Does skin healing occur naturally in pets?

As your cat or dog returns from their latest adventure in the great outdoors, you take a moment to inspect them for ticks and notice they’ve been injured. Will the wound heal on its own? It depends on the injury’s cause, location, severity and degree of contamination of the area.  

Common types of skin injury

  • Jagged rocks, digging underneath a fence or persistent scratching to relieve itchiness from allergies can all cause abrasions or scrapes, where only the superficial layer of skin is damaged.
  • Lesions or lacerations occur when your pet’s skin is cut or torn open by a sharp object like broken glass or another animal’s claws. Deeper skin layers may be damaged depending on the severity of the cut.
  • A pointy object or animal teeth can cause puncture wounds or bite wounds, typically leaving behind a small hole. Such an injury’s size can be deceptive, as damage often reaches deeper skin layers and the area can be prone to bacterial infections.

Your pet’s skin healing process

Cats and dogs recover from wounds by going through multiple healing stages. For minor cuts and scrapes, this may take place in just a few days. More serious injuries may require treatment and surgery to speed up the process and prevent complications, such as infection or impaired movement.

1. Hemostasis and inflammation

As soon as injury occurs, the body’s immune system initiates the healing process. Increased blood flow brings more white blood cells, platelets and clotting factors to the affected area to control the bleeding. Expected side effects include swelling, sensitivity, moderate redness and heat, all of which are usually normal. If the injury is accompanied by high fever, excessive bleeding, intense pain, severe redness and heat or an unpleasant smell, it could indicate an infection and require a visit to your veterinary clinic.

2. Debridement

If necessary, white blood cells will start clearing foreign materials and dead skin cells from the area. Unless it’s removed, dead tissue (which can appear as dry, thin white skin or blue-black patches) can inhibit the body’s ability to grow new, healthy tissue and makes it more vulnerable to infection. Some severe injuries could require a veterinarian to surgically remove the dead tissue and suture the wound.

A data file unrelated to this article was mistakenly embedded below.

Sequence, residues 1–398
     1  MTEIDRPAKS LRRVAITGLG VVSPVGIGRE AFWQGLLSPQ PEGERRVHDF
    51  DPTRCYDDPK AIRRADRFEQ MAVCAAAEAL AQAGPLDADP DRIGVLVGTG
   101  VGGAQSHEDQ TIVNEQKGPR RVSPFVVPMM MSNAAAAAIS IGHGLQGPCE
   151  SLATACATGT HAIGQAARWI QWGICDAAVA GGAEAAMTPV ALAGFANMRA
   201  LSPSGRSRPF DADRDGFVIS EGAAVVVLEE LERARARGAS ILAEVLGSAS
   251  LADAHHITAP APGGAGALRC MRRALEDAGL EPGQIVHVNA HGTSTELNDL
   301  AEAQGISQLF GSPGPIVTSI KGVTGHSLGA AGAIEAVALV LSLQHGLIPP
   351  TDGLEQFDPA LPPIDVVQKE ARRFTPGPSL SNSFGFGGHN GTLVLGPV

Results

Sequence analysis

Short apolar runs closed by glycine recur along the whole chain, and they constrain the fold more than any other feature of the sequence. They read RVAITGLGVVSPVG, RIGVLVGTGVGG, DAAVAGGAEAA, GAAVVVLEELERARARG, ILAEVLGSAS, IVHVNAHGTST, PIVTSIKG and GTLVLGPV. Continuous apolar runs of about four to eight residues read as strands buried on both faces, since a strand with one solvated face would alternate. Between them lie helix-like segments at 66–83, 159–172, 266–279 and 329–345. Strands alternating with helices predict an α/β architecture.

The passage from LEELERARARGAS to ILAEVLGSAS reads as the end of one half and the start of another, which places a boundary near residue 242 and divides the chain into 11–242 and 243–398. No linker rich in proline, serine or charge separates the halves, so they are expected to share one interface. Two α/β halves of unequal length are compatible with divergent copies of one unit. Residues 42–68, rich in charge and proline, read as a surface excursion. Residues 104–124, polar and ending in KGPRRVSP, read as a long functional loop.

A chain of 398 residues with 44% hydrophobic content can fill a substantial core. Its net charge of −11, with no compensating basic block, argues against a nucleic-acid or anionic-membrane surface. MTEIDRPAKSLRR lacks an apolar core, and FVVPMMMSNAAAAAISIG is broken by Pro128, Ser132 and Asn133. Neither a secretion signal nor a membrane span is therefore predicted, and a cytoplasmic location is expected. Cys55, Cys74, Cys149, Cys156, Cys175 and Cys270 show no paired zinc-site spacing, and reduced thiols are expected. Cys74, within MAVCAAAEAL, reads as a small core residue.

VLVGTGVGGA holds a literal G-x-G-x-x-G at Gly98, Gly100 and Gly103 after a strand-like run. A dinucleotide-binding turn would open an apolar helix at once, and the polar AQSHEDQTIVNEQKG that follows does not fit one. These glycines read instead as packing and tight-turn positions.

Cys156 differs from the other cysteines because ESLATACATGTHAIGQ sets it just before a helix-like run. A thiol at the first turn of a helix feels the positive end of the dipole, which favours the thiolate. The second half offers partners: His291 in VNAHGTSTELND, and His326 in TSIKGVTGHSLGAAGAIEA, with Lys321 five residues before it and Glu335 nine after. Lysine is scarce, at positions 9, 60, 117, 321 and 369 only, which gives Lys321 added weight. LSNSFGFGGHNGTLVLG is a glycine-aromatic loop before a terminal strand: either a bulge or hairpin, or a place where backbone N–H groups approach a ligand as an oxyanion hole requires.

3. Repair

In a healthy wound, new cells start growing, repairing and rebuilding the damaged skin by forming scabs. Closed wounds may heal in just a few days, while open wounds usually require more time to contract, fill in with moist red granulation tissue, and form  a new layer of flesh.

4. Maturation

During the final healing stage, skin fibres cross-link and reorganize, strengthening the protective layer and leaving behind a scar. Depending on the severity of the injury, this process may take months or even years to be fully completed.

When is a wound a pet emergency?

Some wounds present a high risk of complications and require emergency treatment. For example, in the event of a bite wound, a wound that keeps bleeding for more than 10 minutes, a wound that contains a foreign object (such as glass) or an eye injury, or simply if you’re having doubts, contact your veterinary clinic for advice.